Purnululu National Park

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UNESCO World Heritage Site
Purnululu National Park
Name as inscribed on the World Heritage List
Purnululu2.jpg
The Bungle Bungles, a predominant feature of the area

Location East Kimberley region, Northern Australia
Type Natural
Criteria vii, viii
Reference 1094
UNESCO region Asia-Pacific
Coordinates 17°27′47″S 128°33′51″E / 17.46306°S 128.56417°E / -17.46306; 128.56417Coordinates: 17°27′47″S 128°33′51″E / 17.46306°S 128.56417°E / -17.46306; 128.56417
Inscription history
Inscription 2003 (27th Session)
Purnululu National Park is located in Australia
Purnululu National Park
Location of the Purnululu National Park on the Australian continent
Purnululu National Park
IUCN category II (national park)
Sunset, Purnululu NP..jpg
Sunset, Purnululu National Park
State Western Australia
Nearest town or city Halls Creek
Area 2,397.23 km2 (925.6 sq mi)[1]
Established 1987
Managing authorities WA Department of Parks and Wildlife
Website Purnululu National Park
See also List of protected areas of
Western Australia

The Purnululu National Park is a World Heritage Site in the East Kimberley region of Western Australia. The 239,723-hectare (592,370-acre) national park is located approximately 300 kilometres (190 mi) south of Kununurra, with Halls Creek located to the south. Declared a World Heritage Site in 2003, the park was inscribed as follows:[2]

...[is a] remote area managed as wilderness. It includes the Bungle Bungle Range, a spectacularly incised landscape of sculptured rocks which contains superlative examples of beehive-shaped karst sandstone rising 250 metres above the surrounding semi-arid savannah grasslands. Unique depositional processes and weathering have given these towers their spectacular black and orange banded appearance, formed by biological processes of cyanobacteria (single cell photosynthetic organisms) which serve to stabilise and protect the ancient sandstone formations. These outstanding examples of cone karst that have eroded over a period of 20 million years are of great beauty and exceptional geological interest.

— Brief synthesis of Purnululu National Park as inscribed on the UNESCO World Heritage List.

Purnululu National Park World Heritage site[edit]

Aerial view of the domes and a canyon.
Echidna Chasm.
The Domes Walk, Purnululu National Park. The beehive-shaped domes are Devonian calcareous sandstone, with regularly alternating, dark gray bands of cynobacterial crust.

The World Heritage status of the region was created and negotiated in 2003, and the adopted boundary of the existing national park.[3] Since its listing, the Government of Western Australia has reserved additional areas located adjacent to the World Heritage Area, including the Purnululu Conservation Park and the Ord River Regeneration Reserve.[2] The site was gazetted on the Australian National Heritage List on 21 May 2007 under the Environment and Heritage Legislation Amendment Act (No. 1), 2003 (Cth).[4]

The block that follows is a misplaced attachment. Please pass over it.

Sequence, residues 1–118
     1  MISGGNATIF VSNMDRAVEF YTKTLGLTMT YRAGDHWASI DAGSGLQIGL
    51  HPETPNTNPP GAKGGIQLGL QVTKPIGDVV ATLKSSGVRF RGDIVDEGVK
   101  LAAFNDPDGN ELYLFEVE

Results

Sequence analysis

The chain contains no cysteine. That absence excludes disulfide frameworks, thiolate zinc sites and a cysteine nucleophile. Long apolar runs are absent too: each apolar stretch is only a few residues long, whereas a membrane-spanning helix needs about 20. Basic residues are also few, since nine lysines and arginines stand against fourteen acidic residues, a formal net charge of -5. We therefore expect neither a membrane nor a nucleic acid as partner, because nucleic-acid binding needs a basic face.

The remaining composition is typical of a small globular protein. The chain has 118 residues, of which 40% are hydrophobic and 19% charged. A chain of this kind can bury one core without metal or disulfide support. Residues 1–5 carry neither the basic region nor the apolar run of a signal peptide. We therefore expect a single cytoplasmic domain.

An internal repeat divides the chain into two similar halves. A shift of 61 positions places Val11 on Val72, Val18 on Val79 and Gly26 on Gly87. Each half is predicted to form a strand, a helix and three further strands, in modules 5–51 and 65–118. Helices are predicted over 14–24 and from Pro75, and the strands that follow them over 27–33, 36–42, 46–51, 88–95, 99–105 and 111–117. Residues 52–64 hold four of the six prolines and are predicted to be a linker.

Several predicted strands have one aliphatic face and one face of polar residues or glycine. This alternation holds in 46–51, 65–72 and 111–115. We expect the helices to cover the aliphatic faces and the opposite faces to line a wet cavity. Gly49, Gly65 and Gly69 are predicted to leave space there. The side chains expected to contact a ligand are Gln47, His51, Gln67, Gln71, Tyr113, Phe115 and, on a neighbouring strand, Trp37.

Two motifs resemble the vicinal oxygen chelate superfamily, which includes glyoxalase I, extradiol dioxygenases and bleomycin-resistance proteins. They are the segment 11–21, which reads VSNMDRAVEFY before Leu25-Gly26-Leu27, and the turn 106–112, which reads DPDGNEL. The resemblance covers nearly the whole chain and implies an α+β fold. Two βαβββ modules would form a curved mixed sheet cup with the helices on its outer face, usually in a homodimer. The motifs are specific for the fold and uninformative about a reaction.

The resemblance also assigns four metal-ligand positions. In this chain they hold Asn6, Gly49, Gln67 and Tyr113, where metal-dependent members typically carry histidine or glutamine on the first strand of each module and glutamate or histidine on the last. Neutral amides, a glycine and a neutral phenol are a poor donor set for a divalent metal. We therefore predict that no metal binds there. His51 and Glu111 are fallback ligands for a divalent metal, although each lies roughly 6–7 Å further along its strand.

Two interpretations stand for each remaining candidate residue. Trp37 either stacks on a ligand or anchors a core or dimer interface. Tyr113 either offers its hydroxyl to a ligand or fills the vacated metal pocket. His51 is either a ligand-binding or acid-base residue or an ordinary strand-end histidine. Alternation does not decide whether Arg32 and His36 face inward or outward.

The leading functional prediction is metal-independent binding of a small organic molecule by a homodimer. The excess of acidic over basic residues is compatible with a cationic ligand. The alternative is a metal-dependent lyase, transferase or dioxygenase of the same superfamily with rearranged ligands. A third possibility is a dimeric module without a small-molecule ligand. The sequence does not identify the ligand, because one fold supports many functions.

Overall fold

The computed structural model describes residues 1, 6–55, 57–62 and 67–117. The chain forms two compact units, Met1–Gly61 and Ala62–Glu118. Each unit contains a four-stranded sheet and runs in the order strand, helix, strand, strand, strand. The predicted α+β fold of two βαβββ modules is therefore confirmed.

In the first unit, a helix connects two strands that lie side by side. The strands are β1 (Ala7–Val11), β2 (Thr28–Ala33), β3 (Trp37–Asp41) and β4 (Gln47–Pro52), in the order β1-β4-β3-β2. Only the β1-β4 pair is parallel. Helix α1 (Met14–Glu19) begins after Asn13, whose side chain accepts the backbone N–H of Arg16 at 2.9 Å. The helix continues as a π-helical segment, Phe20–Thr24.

Etymology[edit]

Purnululu is the name given to the sandstone area of the Bungle Bungle Range by the Australian Aboriginal Kija peoples. The name means "sandstone" or may be a cordon of "bundle grass".[citation needed]

The traditional owners of the area are the Kitja peoples.[5]

Features[edit]

The Bungle Bungle Range, lying fully within the park, has elevations as high as 578 metres (1,896 ft) above sea level. It is famous for the sandstone domes, unusual and visually striking with their striping in alternating orange and grey bands. The banding of the domes is due to differences in clay content and porosity of the sandstone layers: the orange bands consist of oxidised iron compounds in layers that dry out too quickly for cyanobacteria to multiply; the grey bands are composed of cyanobacteria growing on the surface of layers of sandstone where moisture accumulates.

Geology[edit]

The Bungle Bungle Range is one of the most extensive and impressive occurrences of sandstone tower (or cone) karst terrain in the world. The Bungle Bungles were a plateau of Devonian sandstone, carved into a mass of beehive-shaped towers with regularly alternating, dark gray bands of cynobacterial crust (single cell photosynthetic organisms). The plateau is dissected by a 100–200-metre (330–660 ft) deep, sheer-sided gorges and slot canyons. The cone-towers are steep-sided, with an abrupt break of slope at the base and have domed summits. How they were formed is not yet completely understood. Their surface is fragile but stabilized by crusts of iron oxide and bacteria. They provide an outstanding example of land formation by dissolutional weathering of sandstone, with removal of sand grains by wind, rain and sheet wash on slopes.[6]

Access[edit]

Access to the park by road is via Spring Creek Track, from the Great Northern Highway approximately 250 kilometres (160 mi) south of Kununurra, to the track's end at the visitor centre. The track is 53 kilometres (33 mi) long and is usable only in the dry season (about 1 April to 31 December), and only by four-wheel-drive (4WD) vehicles. Safely navigating it takes approximately three hours. Access by air is less demanding; helicopter flights are available, from Bellburn Airstrip in the national park, and light aircraft, from both Warmun, 187 kilometres (116 mi) south of Kununurra.

See also[edit]

References[edit]

Further reading[edit]

  • Hoatsan, Dean et al.(1997) Bungle Bungle Range : Purnululu National Park, East Kimberley, Western Australia : a guide to the rocks, landforms, plants, animals, and human impact Canberra : Australian Geological Survey Organisation. ISBN 0-642-25010-3

External links[edit]